Joy, about four generations of a powerful family who made their money with an invention called the Miracle Mop, looks like it will continue the tradition. In addition to Cooper and Lawrence, the cast includes Robert De Niro, Isabella Rossellini, Diane Ladd and Virginia Madsen. USA Today, based on a clip, has already hailed the film for taking Lawrence back to her indie film roots. They write: “The clip doesn’t reveal much of the Miracle Mop movie, but it’s a nice reminder of the days when Lawrence was still a rising indie film star and not always brandishing a bow and arrow or shout-acting at people.”
THE TARANTINO MOVIE
The Hateful Eight
Quentin Tarantino has been in the news lately for his comments regarding police killings of African-Americans that prompted some police to call for a boycott of the director’s work. How this is going to affect what happens with The Hateful Eight remains to be seen. But even without the boycott, the film would probably generate its share of controversy. Tarantino had already threatened to kill the movie after the first draft of the script was leaked on Gawker last year.
Beyond that, The Hateful Eight will be shown in some theaters in 70mm, a film technology not used much anymore in the age of digital filmmaking and projection.
Like his last film, Django Unchained, it’s set in 19th century America, but is not about slavery. Instead, it’s about a group of bounty hunters trapped in a Wyoming blizzard. But this being a Tarantino movie, you can rest assured they don’t hold hands and sing I’d Like to Teach the World to Sing until help arrives. Channing Tatum, Jennifer Jason Leigh, Samuel L. Jackson, Walton Goggins, Bruce Dern and Tim Roth star.
Mexican director Alejandro Gonzalez Iñárritu won the Oscar for Best Director for last year’s Birdman, the film that also won Best Picture. So there are high expectations for this film starring Leonardo DiCaprio, Tom Hardy, Domhnall Gleeson and Lukas Haas. Set in the 1820s, it focuses on a man — left for dead in the wild after a bear attack — who seeks revenge on those who abandoned him. If nothing else, The Revenant may be the longest of the year-end films, clocking in at over 150 minutes.
Let’s hope that sitting through the epic isn’t like the experience of making it, which some described in The Hollywood Reporter as “a living hell.” Iñárritu has received criticism for his insistence on realism, at the possible expense of the well-being of his crew, some of whom quit. But he told The Hollywood Reporter: “I have nothing to hide. There were problems, but none of them made me ashamed. … When you see the film, you will see the scale of it. And you will say, ‘Wow.’ ”
THE LOVE STORY
It’s the 1950s and Cate Blanchett is a well-off socialite married to handsome Harge (Kyle Chandler). Her life seems to be perfect — except for one little thing. She has struck up a relationship with a shopgirl (Rooney Mara) in the deparment store she frequents. The troubled triangle is at the heart of this film based on a story by Fort Worth-born writer Patricia Highsmith (Strangers on a Train, The Talented Mr. Ripley).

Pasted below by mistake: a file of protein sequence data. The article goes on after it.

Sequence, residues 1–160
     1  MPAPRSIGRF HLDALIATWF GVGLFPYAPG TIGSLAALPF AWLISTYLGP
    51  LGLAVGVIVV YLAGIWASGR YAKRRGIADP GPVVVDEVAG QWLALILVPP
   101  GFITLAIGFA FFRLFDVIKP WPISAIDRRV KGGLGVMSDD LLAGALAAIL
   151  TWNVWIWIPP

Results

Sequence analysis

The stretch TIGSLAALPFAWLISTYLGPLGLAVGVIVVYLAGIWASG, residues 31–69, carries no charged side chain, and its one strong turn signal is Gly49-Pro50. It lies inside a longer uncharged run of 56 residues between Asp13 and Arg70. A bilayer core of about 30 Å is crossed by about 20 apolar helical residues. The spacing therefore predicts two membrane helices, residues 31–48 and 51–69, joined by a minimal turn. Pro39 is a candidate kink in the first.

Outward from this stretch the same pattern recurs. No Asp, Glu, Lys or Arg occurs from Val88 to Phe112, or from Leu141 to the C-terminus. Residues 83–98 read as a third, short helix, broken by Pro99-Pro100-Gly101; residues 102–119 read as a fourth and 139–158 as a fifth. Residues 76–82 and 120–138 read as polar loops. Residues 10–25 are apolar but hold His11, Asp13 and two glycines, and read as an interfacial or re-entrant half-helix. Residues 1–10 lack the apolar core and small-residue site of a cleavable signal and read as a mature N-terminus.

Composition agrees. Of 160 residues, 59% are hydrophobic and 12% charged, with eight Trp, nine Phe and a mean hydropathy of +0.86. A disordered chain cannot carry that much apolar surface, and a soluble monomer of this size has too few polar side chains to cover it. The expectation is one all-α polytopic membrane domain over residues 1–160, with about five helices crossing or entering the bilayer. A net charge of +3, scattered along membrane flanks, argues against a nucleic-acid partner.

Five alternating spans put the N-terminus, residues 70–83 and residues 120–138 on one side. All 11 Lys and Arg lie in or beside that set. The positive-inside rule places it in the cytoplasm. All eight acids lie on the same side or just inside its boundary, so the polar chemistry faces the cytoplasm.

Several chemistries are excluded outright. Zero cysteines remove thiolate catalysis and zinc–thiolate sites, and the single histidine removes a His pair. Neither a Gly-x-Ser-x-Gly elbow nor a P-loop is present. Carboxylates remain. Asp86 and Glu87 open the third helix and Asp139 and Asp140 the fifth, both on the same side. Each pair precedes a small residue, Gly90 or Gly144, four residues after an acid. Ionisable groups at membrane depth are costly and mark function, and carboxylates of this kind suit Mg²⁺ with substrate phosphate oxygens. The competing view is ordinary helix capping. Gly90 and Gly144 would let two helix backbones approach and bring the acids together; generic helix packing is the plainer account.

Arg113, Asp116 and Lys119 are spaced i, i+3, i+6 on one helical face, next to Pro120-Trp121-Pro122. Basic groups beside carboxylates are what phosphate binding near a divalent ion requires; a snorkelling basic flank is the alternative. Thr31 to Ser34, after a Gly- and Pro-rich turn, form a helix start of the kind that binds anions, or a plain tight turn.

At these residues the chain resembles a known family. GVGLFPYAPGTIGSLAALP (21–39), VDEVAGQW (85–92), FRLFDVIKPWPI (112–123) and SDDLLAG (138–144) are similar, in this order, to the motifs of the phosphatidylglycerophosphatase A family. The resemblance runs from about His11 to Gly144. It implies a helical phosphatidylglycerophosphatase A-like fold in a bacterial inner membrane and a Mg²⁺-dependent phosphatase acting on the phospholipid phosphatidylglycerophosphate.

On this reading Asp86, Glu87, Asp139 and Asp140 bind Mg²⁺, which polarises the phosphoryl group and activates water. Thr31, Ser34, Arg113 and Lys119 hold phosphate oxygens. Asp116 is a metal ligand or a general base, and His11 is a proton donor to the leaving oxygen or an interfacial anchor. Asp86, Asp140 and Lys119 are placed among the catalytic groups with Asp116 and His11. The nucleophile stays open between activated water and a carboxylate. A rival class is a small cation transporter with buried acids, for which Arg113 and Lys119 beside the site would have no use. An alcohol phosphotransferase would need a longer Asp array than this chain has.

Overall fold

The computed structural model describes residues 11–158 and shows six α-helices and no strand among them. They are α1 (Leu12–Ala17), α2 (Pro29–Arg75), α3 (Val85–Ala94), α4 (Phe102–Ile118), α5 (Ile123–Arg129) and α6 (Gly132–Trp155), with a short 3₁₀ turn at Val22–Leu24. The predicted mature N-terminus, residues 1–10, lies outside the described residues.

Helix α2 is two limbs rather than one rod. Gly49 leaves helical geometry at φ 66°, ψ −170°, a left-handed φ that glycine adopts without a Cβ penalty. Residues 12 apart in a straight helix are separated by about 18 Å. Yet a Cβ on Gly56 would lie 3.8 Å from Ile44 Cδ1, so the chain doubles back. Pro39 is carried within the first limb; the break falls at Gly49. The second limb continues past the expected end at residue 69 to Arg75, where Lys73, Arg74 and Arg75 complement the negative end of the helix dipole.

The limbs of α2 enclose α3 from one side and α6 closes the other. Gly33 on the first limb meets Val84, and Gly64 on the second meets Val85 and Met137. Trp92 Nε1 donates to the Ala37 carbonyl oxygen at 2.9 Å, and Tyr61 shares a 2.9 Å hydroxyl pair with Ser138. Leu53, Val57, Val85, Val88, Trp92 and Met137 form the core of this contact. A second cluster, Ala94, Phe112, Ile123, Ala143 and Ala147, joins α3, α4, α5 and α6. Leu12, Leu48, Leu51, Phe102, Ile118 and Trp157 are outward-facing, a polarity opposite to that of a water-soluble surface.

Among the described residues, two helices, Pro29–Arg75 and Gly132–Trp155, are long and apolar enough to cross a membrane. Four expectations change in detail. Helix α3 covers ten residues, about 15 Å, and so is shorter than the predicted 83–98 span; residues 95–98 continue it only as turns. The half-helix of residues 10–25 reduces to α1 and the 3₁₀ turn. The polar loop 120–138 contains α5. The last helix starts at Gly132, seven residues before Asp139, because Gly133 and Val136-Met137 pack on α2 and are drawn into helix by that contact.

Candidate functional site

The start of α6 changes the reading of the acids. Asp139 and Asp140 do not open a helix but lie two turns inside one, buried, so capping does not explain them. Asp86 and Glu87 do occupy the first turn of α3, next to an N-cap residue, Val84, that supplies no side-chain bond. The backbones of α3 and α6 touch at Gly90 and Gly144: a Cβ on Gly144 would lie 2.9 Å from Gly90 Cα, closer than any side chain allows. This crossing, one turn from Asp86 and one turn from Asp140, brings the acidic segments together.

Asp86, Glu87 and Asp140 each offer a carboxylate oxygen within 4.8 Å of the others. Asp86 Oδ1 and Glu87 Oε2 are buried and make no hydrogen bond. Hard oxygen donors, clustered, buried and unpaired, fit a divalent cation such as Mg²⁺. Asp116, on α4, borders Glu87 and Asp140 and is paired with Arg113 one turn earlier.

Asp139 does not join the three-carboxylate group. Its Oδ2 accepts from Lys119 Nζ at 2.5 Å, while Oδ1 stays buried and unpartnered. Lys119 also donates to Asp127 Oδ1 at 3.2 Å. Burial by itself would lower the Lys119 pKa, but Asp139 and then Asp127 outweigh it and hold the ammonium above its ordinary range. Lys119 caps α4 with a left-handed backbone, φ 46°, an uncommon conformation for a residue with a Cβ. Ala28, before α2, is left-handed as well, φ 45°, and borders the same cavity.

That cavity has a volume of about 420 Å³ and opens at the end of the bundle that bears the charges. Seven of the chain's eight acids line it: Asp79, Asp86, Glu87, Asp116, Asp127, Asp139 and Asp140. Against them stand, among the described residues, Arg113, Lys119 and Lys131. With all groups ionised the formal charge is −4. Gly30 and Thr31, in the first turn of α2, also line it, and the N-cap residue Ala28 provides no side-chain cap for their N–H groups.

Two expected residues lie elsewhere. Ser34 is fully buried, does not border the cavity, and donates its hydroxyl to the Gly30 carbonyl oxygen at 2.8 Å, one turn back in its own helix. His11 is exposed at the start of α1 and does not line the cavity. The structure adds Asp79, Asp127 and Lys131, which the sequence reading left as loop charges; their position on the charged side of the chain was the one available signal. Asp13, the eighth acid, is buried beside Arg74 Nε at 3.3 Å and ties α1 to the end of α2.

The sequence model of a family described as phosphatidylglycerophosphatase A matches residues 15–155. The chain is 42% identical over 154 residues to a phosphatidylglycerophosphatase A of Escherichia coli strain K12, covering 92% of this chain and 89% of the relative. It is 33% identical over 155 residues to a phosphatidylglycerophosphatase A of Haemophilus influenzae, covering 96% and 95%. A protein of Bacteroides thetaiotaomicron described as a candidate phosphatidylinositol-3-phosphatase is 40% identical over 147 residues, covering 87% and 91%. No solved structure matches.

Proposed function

The director is Todd Haynes, who traveled this terrain earlier in his career with Far From Heaven, which starred Dennis Quaid as a closeted gay man in the ’50s. Word of mouth on Carol is very strong, with the film pulling a sold-out crowd to the Lone Star Film Festival in Fort Worth earlier this month. There’s lot of Oscar buzz around Blanchett’s performance, with Variety pondering whether she’ll get a nomination for her work in Carol or Truth.
The original Point Break in 1991 was not only a novel take on the bank heist thriller — the FBI infiltrates a gang of robbers who are also surfers — but it had a notable cast (Keanu Reeves, Patrick Swayze, Gary Busey, the Red Hot Chili Peppers’ Anthony Kiedis) and was the breakout film for director Kathryn Bigelow, who would go on to do The Hurt Locker and Zero Dark Thirty. It has become something of a cult film over the years, to the point where there’s now a reboot with a bunch of new young guns, including Luke Bracey, Edgar Ramirez and Teresa Palmer. And instead of being surfers now, they’re extreme-sports athletes.
There’s been a lot of online chatter about whether Point Break can capture the “Fast and Furious” crowd. The films have similar DNA in terms of lots of pretty young people, impressive stunts and the kind of movie-made heists that have little to do with real life but look really cool. Aside from Tarantino, there isn’t a lot for action fans under the tree this holiday, so Point Break could be right on point.